Non-Cognitive Predictors of Student Success:
A Predictive Validity Comparison Between Domestic and International Students Non-Cognitive Predictors of Student Success:
A Predictive Validity Comparison Between Domestic and International Students
The limited existing advice
and observed variation in
approaches when developing
competency frameworks may
lead to the creation of
frameworks that unwittingly
•Competency frameworks serve many roles including
outlining characteristics of a competent workforce, to
provide clarity to complex constructs, to facilitate
professional mobility, and to help structure analysis,
evaluation or assessment of professional expertise.
•Given these roles and their relevance in the health
professions, we sought to understand the methods and
strategies used in the development of existing competency
•Arksey and O’Malley framework was applied
•Six electronic databases (MEDLINE, CINAHL, PsycINFO,
EMBASE, Scopus, and ERIC) and three grey literature
sources were searched using keywords related to
•Studies of all types were included that described the
development of a competency framework in a healthcare
•Studies were screened for inclusion, and data were extracted
independently by two reviewers.
•Data synthesis was both quantitative and qualitative.
•Among 5,710 citations, 190 were selected for analysis.
•The majority of studies were conducted in medicine and
•Group techniques were utilised in 140 studies (74%),
literature reviews were conducted in 112 (59%), and 81
(43%) outlined some form of stakeholder deliberation.
•We found a significant degree of diversity in methodological
strategies, inconsistent adherence to existing guidance on the
selection of methods and who was involved.
•Based on the variation we observed in timeframes, form,
choice, sequence, combination, function, application and
reporting of methods and strategies, there is no apparent
gold standard or standardised approach to competency
•This variation is a cause for concern, potentially resulting in
the development of frameworks that may not have captured
the complexities of clinical practice, which are therefore of
limited value to the profession, and may unwittingly create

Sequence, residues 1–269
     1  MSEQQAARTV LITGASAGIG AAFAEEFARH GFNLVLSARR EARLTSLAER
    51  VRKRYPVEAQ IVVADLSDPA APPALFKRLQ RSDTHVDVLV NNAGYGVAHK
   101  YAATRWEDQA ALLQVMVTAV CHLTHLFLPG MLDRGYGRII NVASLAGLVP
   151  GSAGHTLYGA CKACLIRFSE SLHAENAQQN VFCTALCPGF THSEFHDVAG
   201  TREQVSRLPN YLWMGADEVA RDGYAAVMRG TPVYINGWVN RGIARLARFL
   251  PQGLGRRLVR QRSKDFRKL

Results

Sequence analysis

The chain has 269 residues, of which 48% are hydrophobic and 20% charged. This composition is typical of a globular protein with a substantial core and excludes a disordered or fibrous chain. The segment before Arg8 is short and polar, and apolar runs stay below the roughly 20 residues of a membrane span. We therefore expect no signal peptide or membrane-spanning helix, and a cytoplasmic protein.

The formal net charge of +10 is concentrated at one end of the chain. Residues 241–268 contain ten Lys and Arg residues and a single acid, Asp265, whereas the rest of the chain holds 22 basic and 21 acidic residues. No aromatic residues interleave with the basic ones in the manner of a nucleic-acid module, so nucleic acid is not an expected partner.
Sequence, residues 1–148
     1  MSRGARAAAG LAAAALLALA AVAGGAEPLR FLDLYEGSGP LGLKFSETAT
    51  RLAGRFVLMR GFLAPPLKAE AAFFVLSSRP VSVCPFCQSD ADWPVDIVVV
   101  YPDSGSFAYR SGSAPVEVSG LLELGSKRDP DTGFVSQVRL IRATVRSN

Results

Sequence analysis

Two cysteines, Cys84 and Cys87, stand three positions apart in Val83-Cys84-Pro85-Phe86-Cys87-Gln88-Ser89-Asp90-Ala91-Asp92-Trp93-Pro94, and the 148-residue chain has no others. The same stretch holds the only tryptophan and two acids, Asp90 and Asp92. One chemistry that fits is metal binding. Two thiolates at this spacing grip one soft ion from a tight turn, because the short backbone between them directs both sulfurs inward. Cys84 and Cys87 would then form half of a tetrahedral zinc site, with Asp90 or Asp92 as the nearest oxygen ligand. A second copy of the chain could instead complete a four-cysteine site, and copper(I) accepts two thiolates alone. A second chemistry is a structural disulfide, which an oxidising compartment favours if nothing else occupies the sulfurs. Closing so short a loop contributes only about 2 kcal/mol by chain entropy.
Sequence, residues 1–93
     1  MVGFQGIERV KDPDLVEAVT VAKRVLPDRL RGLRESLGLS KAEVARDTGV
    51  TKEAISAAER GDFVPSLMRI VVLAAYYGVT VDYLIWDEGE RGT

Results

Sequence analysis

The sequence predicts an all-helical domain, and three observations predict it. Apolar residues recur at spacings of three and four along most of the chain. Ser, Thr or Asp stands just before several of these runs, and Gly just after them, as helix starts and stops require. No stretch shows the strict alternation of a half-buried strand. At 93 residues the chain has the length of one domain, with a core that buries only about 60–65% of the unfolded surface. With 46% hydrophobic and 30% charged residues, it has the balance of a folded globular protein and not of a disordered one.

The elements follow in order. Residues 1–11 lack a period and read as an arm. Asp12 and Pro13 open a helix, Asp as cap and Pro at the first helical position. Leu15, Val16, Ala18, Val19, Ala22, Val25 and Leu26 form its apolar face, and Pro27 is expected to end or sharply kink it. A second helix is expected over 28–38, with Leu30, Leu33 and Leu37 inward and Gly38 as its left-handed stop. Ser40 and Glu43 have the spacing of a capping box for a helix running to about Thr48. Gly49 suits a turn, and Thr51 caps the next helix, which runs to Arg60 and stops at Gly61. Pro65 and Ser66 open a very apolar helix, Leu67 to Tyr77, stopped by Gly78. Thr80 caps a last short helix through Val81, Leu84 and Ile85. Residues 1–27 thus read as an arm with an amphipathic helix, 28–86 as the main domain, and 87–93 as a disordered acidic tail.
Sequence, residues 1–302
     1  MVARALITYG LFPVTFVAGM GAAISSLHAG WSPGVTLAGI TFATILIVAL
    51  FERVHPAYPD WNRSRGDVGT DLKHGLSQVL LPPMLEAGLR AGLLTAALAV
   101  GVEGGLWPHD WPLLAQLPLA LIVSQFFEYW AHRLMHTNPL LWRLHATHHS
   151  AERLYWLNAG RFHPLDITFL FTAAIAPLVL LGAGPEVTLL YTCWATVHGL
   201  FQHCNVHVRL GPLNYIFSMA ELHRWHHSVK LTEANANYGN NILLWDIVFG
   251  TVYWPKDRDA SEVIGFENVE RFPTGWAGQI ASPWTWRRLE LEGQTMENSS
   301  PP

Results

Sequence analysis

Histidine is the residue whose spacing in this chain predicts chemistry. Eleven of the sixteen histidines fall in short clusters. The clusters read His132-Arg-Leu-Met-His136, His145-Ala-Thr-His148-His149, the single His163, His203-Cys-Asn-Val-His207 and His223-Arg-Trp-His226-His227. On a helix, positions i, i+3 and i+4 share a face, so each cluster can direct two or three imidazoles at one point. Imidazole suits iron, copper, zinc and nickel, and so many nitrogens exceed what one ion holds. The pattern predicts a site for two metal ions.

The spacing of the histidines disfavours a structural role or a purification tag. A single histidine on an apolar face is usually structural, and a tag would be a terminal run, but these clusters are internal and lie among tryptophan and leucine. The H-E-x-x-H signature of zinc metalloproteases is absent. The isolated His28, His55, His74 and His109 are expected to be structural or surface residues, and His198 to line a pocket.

and legitimise artificial outcomes.
The development of competency frameworks
in healthcare professions: a scoping review
Alan M. Batt1,2, Walter Tavares2,3, Brett Williams1
Studies varied in the number of approaches used from one
(n=18, 9%) to eight (n=2, 1%). The median number used was
three, and a total of 140 studies (74%) utilised three or more
methods or strategies.
Combinations of methods used varied, and no distinct pattern
emerged when analysed by profession. Study periods were not
outlined in the majority of studies, but of those that did (n=78),
the timeframe for the development of competency frameworks
ranged from two days to six years, with 41 (53%) completed in
12 months or less.
The objectives of the included studies varied from the explicit
development of a competency framework or standard, to
exploratory studies into the role of the profession or discipline in
question, and frameworks were often developed as a component
of a larger project such as national standards.
While diversity exists in both the combination and number of
methods and strategies used in the development of competency
frameworks, we also observed variability within these
approaches in relation to form, function and application. We
observed this in the use of group techniques, literature reviews,
the role of stakeholders, in mapping exercises, surveys,
interviews and practice analyses.
1. Monash University, Australia; 2. McNally Project for Paramedicine Research, Canada; 3. The Wilson Centre,
University of Toronto, Canada.
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